New survey reveals college students are confident in their finances

A new survey by Sallie Mae and Ipsos revealed that college students are confident in their financial literacy skills but still require education in money management.

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New survey reveals college students are confident in their finances

Photo Illustration by Katie Goodale

Photo Illustration by Katie Goodale

Katie Goodale/The Daily Iowan

Photo Illustration by Katie Goodale

Katie Goodale/The Daily Iowan

Katie Goodale/The Daily Iowan

Photo Illustration by Katie Goodale

Katie Ann McCarver, News Reporter

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Whether it’s about loans, applying for various scholarships, or budgeting their spending money, college students are a common topic when it comes to things financial. According to a new study, they are also confident in their financial responsibility.

In their annual “Majoring in Money” report, Sallie Mae and Ipsos revealed that young adults are eager to be financially literate and prove as much by tracking their spending, paying their bills in a timely manner, and staying within budgets.

Although 71 percent of college graduates and 59 percent of current college students rated themselves as good or excellent in their money-management skills, the majority were still unable to pass a multiple-choice quiz testing their financial literacy.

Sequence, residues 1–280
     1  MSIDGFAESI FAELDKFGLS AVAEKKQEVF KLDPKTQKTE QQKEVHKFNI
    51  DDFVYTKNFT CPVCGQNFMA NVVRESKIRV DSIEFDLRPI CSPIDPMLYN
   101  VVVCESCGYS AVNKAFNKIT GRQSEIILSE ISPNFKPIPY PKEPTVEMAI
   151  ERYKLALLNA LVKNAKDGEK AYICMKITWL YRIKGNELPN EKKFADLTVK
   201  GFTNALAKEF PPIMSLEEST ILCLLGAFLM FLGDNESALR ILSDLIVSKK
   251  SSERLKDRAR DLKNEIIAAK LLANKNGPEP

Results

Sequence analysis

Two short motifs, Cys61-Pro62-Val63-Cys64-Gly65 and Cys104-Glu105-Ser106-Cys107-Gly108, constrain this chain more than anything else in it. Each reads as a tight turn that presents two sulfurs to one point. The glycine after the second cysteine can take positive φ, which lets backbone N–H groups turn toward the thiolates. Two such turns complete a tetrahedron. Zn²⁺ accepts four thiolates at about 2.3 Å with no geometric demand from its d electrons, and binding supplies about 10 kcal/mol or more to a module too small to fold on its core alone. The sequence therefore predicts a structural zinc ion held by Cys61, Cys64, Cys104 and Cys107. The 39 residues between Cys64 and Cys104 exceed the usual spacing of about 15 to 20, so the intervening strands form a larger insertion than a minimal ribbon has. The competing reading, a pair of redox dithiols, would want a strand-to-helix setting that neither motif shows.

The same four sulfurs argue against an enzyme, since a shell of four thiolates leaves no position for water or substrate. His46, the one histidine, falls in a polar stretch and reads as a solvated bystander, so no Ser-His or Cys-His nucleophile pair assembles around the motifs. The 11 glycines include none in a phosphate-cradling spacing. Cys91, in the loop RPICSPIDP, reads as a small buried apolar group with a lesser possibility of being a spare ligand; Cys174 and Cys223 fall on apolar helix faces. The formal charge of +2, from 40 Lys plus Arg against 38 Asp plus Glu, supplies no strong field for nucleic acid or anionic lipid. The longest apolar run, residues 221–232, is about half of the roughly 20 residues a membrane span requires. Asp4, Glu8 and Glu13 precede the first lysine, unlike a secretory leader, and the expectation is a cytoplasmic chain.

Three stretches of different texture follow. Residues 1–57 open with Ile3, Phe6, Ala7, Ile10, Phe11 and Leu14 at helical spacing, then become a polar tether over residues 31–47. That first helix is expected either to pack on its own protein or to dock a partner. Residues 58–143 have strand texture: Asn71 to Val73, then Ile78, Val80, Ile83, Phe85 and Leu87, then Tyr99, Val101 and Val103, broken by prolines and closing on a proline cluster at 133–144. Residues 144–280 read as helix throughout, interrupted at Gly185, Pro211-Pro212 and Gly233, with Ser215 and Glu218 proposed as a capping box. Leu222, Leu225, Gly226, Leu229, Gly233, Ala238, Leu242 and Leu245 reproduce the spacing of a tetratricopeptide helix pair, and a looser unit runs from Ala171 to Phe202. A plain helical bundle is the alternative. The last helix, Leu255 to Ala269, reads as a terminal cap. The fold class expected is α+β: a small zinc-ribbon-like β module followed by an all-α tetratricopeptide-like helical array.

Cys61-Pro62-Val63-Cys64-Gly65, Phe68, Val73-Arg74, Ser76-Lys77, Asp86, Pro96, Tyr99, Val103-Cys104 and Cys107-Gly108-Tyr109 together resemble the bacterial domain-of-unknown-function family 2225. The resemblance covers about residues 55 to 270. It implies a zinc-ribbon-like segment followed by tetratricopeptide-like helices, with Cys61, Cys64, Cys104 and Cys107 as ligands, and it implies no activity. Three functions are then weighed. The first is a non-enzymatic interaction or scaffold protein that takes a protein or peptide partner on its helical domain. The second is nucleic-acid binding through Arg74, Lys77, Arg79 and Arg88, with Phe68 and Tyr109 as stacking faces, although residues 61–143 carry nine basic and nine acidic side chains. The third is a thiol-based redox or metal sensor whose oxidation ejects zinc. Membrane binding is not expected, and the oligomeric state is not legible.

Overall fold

“We’re all lifelong learners, and it’s especially true when it comes to financial literacy,” Sallie Mae Chairman and CEO Raymond Quinlan said in a news release. “… A relationship between completing college and financial-management success is clear.”

Quinlan said that real-world experience is important, but the survey results showed that only 42 percent of those who did not complete a college education felt confident in their financial-literacy skills compared with those who were in college or who had graduated with a college degree.

Kelsey Ryder, the UI Student Financial Aid assistant director of financial literacy, said the biggest risk among students who are falling short in financial literacy is not being aware of where their finances are now and where they will be after graduation.

“Students don’t really realize where their money is going,” Ryder said. “One of the things we really recommend is tracking spending, because that can be really eye-opening.”

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Once students realize how much they’re spending on food or at Starbucks, she said, they can change. Otherwise, they might do damage to their finances for the future.

Starting out college with a credit card instead of putting money toward retirement could be a waste of time that many students struggle with, Ryder said. According to “Majoring in Money,” 57 percent of college students have at least one credit card.

“I think it can slow students down,” Ryder said. “Those early years are some of the most valuable when it comes to saving for retirement, so the sooner you can start, the better.”

One of the biggest initiatives for financial literacy at the UI is meeting with up to 1,500 students a year to discuss private loans, she said, because they tend to be higher in balance. As a result, she said, students reduce their loans by about 9 or 10 percent each year.

“I think that’s probably one of the things students don’t know,” Ryder said. “We can help [them] with their budgets. I think that’s an area that we could continue to grow, just knowing that there’s more in-depth service. Last year, we had about 700 general meetings.”

UI pharmacy student Rebecca McCaughey said she realized during her undergraduate education how little she knew about her finances by her senior year, and it was a scary feeling to not be confident about taking out and paying back loans once interest is added.

“There’s not a lot of guidance. There’s not a lot put in your lap,” McCaughey said. “I think just helping students anticipate their student loan burden would be really, really helpful.”